Comment by SShiell — 9/17/2009 @ 1:16 pm

  9. Evidently, the songs didn’t make you curious enough because it’s Harlan County, Kentucky - not Tennessee.

    Heh - right you are - will fix.


    Comment by tc — 9/17/2009 @ 1:30 pm

  10. Thanks, Rick. Nice rememberance otherwise.

    Comment by Tc — 9/17/2009 @ 5:00 pm

  11. went over to U-tube. This is just beautiful. Dylan was a great songwriter!

    Comment by funny man — 9/17/2009 @ 7:07 pm

  12. On my list folk music ranks about one half notch below disco. It’s so boring.

    But when I was a young man I definitely had the hots for her.

    Comment by CZ — 9/18/2009 @ 8:11 am

  13. i feel nostalgic about “Puff the Magic Dragon” too, but then i remind myself that these folks were marxist radicals intent on destroying my country and i don’t feel so warm and fuzzy anymore, these days i look back on lot’s of music and movies and i see the socialistic and marxist themes apparent in them and wonder how i never noticed them before.

    no sympathy for my enemy

    Comment by shoey — 9/18/2009 @ 2:10 pm

  14. A beautiful remembrance, Rick! I was sad to see so little coverage of MT’s death. A truly wonderful voice! Politics matter little in the face of such a talent.

    Comment by MochaLite — 9/18/2009 @ 2:45 pm

  15. Rick, thank you for a beautiful, moving piece. I feel the same way.

    Comment by Kathy Kattenburg — 9/18/2009 @ 4:35 pm

  16. [...] Moran, a conservative blogger who is also an independent thinker and not always predictable, writes eloquently and movingly about his family’s love for folk music and what Mary Travers, a…: Mary Travers, Peter Yarrow, and Paul Stookey sang songs that posed questions about American [...]

    Pingback by Mary Travers Link Collection : Comments from Left Field — 9/18/2009 @ 10:59 pm

  17. I really enjoyed this. Thank you.

    Comment by phoenix — 9/19/2009 @ 1:30 am

  18. Actually, Rick, Kingston Trio fans tend to come from all points on the political spectrum with a goodly share of classic, dyed-in-the-wool conservatives like yourself. Haven’t noticed among them, though, many of the hard core nuts that occasionally drop by your place here - you know, the kind described in that old Chad Mitchell trio song about Goldwater -

    “Let’s go back to the days when men were men
    And start the First World War all over again…”

    Another fine article, good light hand on the politics (and no, unlike the sainted Pete Seeger, PP&M were way too commercial to be Marxists), and a fine evocation of the weight of music in our family’s collective memory.

    I personally always put on a gas mask before visiting your site, and your timely notice also prompted me to wear rain boots and a slicker, lest I slip on slaughtered liberals’ blood.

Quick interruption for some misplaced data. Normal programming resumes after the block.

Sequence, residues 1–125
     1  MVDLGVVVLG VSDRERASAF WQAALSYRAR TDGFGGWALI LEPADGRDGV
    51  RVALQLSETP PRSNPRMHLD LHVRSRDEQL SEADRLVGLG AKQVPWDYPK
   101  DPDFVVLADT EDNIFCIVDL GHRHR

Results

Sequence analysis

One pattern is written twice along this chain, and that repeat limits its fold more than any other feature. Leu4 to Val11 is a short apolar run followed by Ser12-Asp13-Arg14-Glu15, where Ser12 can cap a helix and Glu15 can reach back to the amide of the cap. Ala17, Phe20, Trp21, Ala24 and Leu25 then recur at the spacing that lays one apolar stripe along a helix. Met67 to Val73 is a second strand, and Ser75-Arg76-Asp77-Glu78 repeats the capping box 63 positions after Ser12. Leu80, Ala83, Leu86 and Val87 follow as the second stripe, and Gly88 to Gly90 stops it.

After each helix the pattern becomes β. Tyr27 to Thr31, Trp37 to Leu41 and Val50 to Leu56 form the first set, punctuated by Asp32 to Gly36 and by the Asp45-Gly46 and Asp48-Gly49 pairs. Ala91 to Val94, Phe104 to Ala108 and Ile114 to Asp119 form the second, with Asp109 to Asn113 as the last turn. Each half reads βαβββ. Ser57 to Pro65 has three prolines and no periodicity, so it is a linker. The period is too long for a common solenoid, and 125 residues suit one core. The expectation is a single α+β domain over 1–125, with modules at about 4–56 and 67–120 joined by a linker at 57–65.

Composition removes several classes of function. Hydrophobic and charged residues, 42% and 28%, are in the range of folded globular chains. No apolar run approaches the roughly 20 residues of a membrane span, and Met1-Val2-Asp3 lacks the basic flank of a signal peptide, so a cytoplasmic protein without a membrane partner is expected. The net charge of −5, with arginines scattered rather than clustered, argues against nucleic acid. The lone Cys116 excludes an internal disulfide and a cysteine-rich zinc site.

Been plowing through Sam Tannenhaus’s interesting but flawed book “Death of Conservatism” and perhaps the most insightful theme he advances is that “movement” conservatism - “revanchists” he calls them - have thrown the rational right off the rails by acting most unconservatively. In this, I am agreement generally but have several major disagreements with his specifics.

    The point is, I think to some degree, it is a generational thing. What I might term “Reagan conservatives” like Peggy Noonan, David Brooks, Bruce Bartlett, Martin Anderson, and most of what the revanchists see as the “elites,” are fighting a losing battle to keep conservatism’s feet on the ground with reasonable, yet powerful critiques of the liberalism of Barack Obama.

    They are far overshadowed by the hysterical, out of control, exaggerated screaming coming from the base. It is being driven by the pop conservatives in Talk Radio who pander, encourage, and ultimately, deliberately create an atmosphere of paranoia and fear, milking these emotions for ratings and money. They have so skewed the perception of what conservatism is all about that the disfavor both the politics and philosophy into which the right has fallen will take decades to overcome - if ever.

    I joke about lefty folkies, of course - more playing to stereotype than reality. But we are of a generation that perhaps learned valuable lessons about civic disagreements and how they can truly lead to bloodshed unless we all remember that we are Americans who love our country and wish only the best for it. If only we could all start from that premise, I think a lot of the ugliness in our politics would be muted and we could get down to the business of truly addressing some of the problems facing the country today.


    Comment by Your Brother Jim — 9/19/2009 @ 1:44 am


    Pingback by Right Wing Nut House » STREAM OF CONSCIOUSNESS SATURDAY — 9/19/2009 @ 6:34 am

  20. Dear Jacky Paper, The pirates Peter, Paul and Mary stole our song from 12 year old Michael Holland Shepard. He even taught them how to sing our song. Do you think the people will ever believe in truth or has the lie been carried to long. Do you think its right to not give credit to the songwriter? To not pay him? Puff The Magic Dragon

    Comment by Michael Holland Shepard — 9/19/2009 @ 3:38 pm

  21. [...] Rick Moran: As a musical group, Peter, Paul, and Mary were polished, professional, and chose their music with the utmost care. Their manager/producer, the legendary Milt Okun saw to that. With his keen ear and unfailing sense of a commercially viable package, Okun made Peter, Paul, and Mary into a hugely popular act whose success lasted almost a decade. Okun would go on to manage other iconic folk groups like The Chad Mitchell Trio, the Brothers Four, and John Denver. [...]

    Pingback by Puff The Magic Basketball Diaries, By Henry Gibson « Around The Sphere — 9/19/2009 @ 7:38 pm

  22. its all about a boy and when he grows up he finally understands what is real and what is not real and i dont why people mix this song would drugs it has nothing to do would drugs

    Comment by Adam White — 9/26/2009 @ 5:07 pm